- REUTERS/Brian Snyder
- The record-long expansion cooled in the third quarter but kept up a solid pace.
- The Commerce Department said Wednesday that gross domestic product rose by 2.1% from July to September.
- Strong consumer activity has offset the effects of a more than yearlong trade dispute between the two largest economies.
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The record-long expansion cooled less than previously estimated in the third quarter and kept up a solid pace, as strong consumer activity offset the effects of a more than yearlong trade dispute between the two largest economies.
The Commerce Department said Wednesday that gross domestic product, a broad measure of all the goods and services produced in a country, rose by 2.1% from July to September. That was compared with an advance reading of 1.9%, which was released last month. GDP expanded 2% in the second quarter and 3.1% at the beginning of the year.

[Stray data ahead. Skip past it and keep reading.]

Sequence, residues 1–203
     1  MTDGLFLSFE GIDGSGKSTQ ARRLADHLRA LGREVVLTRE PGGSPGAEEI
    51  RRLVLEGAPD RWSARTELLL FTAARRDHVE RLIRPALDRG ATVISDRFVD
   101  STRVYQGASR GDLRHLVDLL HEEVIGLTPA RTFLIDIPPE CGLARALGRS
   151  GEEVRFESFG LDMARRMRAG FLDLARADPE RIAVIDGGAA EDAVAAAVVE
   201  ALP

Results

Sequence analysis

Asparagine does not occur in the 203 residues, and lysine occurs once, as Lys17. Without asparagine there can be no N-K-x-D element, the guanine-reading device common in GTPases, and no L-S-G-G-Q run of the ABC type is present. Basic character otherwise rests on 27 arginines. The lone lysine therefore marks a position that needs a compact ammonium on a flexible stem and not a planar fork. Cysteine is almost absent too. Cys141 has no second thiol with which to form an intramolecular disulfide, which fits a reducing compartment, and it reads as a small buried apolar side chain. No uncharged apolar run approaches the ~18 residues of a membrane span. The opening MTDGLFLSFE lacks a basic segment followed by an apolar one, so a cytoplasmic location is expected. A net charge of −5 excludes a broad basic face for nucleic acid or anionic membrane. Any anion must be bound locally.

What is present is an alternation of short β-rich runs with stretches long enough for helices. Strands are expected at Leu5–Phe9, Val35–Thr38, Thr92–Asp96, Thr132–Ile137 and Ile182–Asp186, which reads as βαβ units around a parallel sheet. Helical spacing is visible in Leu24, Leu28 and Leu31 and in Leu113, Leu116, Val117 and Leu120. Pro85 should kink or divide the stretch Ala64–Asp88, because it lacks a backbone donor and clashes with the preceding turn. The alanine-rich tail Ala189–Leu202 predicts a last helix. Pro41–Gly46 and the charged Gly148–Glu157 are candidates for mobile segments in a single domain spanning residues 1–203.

Consumer spending, which accounts for more than two-thirds of economic activity, held up at a robust pace. Households have fueled an economy that was otherwise expected to slow, particularly after the US and China placed steep tariffs on thousands of each other’s products.
The two sides have attempted to hammer out an interim agreement to defuse trade tensions, but an uncertain outlook has forced companies to pull back on investment. Businesses spent far less on capital this summer, with nonresidential fixed investment falling 2.7%.
“Slowing investment is mainly due to heightened uncertainty over the future direction of US trade policy, as well as slowing external demand amid a cooling of the global economy,” said Agathe Demarais, global forecasting director at The Economist Intelligence Unit. “Against this backdrop, consumer demand represents the only remaining engine of US growth.”
A third GDP estimate is scheduled to be released on December 20.
This story is developing. Please check back for updates.